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‘No child should go blind’

Half of South Africa’s 100 000 blind children could have been saved if they were treated earlier, shows a new report.

Sub-Saharan Africa is the region with the highest prevalence of childhood blindness in the world, according to a report.

The report – the first of its kind in Africa – was launched by international non-profit sight-saving organisation Orbis and child rights organisation the African Child Policy Forum in Johannesburg on Wednesday.

“We estimate there are 100 000 blind or visually impaired children in South Africa alone,” said Lene Overland, chief executive of Orbis Africa. “Half of these cases could have prevented if the children had been treated early enough.”

One of the most common causes of childhood blindness, according to the report, is cataracts (clouding of the lens of the eye which impairs vision). Some children are born with cataracts and some develop them because of injury to the eye.

“[Cataracts] can be treated quite easily with surgical intervention but the timing is critical – if a child is born with a cataract they should have the surgery before they are six years old [or the operation might not be effective],” said Reshma Dabideen, one of the authors of the report.

Dabideen said one of the reasons why these children don’t access these surgeries is because of the unequal distribution of specialists and facilities between the public and private sector as well as between urban and rural settings. “Eighty percent of ophthalmologists service the private sector, with only 20% [working] in the public sector,” she said.

According to the department of health’s Sandya Singh, blindness “keeps families in a state of poverty because the demands placed on the family are so great and very often the well-being of family members is compromised because of the needs of the child”.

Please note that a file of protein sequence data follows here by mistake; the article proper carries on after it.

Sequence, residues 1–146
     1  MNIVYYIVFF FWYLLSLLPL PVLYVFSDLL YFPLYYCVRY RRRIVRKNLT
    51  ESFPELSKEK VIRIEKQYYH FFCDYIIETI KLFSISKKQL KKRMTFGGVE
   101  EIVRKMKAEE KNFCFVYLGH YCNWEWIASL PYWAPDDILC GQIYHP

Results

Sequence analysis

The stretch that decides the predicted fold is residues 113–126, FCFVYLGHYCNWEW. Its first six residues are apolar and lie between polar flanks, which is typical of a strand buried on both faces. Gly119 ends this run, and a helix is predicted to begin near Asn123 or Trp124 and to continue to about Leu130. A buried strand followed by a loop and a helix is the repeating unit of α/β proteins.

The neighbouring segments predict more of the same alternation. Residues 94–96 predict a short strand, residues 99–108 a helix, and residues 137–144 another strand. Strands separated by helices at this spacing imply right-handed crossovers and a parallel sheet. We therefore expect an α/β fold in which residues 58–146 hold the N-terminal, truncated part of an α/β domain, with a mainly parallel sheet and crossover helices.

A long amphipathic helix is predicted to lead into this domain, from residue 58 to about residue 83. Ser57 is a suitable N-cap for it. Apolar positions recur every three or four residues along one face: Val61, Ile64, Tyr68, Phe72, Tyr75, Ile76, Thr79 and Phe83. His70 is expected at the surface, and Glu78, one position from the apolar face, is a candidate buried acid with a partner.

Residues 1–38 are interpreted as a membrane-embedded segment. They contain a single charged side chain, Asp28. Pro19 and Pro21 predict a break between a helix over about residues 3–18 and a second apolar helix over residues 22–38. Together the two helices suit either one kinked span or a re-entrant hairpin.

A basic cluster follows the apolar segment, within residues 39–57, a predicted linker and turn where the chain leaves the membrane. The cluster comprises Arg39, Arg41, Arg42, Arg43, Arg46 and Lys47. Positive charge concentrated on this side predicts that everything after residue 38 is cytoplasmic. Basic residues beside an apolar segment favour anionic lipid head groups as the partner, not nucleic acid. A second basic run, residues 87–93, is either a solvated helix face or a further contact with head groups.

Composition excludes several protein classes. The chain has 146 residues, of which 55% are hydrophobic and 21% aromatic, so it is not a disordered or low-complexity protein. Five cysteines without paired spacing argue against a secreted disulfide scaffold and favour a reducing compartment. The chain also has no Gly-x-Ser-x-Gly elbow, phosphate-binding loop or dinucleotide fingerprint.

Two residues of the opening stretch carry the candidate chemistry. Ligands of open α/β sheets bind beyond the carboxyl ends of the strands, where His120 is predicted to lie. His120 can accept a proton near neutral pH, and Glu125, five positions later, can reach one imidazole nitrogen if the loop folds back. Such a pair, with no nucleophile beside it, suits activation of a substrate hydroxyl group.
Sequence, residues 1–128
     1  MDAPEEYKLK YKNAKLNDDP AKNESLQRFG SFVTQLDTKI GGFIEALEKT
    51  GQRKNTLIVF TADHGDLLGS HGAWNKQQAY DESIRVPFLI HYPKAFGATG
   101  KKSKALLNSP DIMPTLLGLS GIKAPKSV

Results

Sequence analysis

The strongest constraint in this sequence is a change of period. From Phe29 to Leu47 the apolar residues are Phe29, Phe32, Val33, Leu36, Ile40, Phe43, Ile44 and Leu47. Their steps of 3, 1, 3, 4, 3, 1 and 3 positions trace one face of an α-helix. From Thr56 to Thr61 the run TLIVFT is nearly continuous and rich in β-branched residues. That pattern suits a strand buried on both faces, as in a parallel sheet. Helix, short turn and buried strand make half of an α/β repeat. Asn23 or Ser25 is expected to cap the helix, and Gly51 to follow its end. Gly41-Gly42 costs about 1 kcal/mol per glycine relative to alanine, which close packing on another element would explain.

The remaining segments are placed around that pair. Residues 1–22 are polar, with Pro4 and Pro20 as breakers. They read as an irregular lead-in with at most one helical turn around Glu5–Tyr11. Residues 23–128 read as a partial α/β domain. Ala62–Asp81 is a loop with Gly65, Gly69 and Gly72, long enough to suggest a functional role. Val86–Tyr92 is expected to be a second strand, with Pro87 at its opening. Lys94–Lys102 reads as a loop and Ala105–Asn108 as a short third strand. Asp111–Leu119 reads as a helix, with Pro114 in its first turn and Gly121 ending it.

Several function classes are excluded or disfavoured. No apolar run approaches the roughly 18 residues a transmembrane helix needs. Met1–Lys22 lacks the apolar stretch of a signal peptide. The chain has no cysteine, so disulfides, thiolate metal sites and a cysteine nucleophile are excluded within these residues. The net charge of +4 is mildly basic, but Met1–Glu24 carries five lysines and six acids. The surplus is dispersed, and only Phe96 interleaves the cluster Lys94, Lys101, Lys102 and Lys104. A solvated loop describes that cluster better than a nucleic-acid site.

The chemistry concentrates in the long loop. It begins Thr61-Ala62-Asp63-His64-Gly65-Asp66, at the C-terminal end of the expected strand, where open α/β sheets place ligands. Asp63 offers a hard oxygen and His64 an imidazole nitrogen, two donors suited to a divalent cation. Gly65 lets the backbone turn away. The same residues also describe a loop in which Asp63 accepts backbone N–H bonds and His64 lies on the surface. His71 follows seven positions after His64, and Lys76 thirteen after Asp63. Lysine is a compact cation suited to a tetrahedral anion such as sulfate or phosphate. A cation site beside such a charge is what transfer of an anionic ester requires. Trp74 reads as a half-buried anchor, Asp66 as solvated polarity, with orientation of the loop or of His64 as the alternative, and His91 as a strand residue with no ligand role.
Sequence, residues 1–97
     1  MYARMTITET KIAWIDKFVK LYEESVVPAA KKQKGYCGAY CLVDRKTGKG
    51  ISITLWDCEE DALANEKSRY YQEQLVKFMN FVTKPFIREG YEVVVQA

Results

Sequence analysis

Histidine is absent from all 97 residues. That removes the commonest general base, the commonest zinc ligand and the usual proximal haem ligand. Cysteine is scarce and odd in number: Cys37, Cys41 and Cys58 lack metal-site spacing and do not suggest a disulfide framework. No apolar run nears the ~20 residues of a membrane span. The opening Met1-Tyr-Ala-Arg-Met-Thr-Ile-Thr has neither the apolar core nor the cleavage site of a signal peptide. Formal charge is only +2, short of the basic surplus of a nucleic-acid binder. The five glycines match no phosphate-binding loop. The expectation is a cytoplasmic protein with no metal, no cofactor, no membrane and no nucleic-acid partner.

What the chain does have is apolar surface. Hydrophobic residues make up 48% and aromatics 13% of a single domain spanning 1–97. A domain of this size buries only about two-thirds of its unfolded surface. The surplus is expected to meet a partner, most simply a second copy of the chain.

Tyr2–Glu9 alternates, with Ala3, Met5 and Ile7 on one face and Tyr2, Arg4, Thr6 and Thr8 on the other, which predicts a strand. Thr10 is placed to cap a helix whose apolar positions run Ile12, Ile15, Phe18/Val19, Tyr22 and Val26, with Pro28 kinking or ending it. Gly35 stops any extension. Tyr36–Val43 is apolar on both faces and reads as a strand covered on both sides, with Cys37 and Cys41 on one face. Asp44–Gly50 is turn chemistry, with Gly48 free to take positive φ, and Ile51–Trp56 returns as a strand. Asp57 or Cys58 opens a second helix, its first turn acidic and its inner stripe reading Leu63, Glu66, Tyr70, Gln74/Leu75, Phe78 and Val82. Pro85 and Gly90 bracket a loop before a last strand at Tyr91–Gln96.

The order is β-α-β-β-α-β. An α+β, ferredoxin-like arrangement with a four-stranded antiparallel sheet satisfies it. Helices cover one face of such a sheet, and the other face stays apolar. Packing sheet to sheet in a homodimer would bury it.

She said the department considered the issue of eye health very seriously and is looking to establish permanent eye health centres at a minimum number of one per province.

Deputy minister of health Gwen Ramokgopa, appointed an interim task team on eye health to review the government’s current guidelines. Singh said this process was at an advanced stage and was submitted for approval. 

Dabideen said the health department and Orbis would collaborate in the future to address the issue of child eye health. “No child should go blind needlessly.” 

Quick statistics from the report “Child Eye Health in Africa”:

  • Sub-Saharan Africa has the highest prevalence of childhood blindness in the world, with 1.24 blind children per 1 000 children, compared to 0.8 in India and 0.3 in Europe.
  • In 2012, there were more than 100 000 children in South Africa who are blind or reported to have severe visual impairments.
  • The World Health Organisation estimates that 80% of blindness in adults and around 60% in children globally could be prevented.
  • It is estimated at least half of blind children in South Africa would still have their sight if their eye problems were identified and treated in time.
  • Untreated cataracts are the leading cause of blindness in children in South Africa.

Amy Green was a health reporter at Bhekisisa from 2013 until 2016.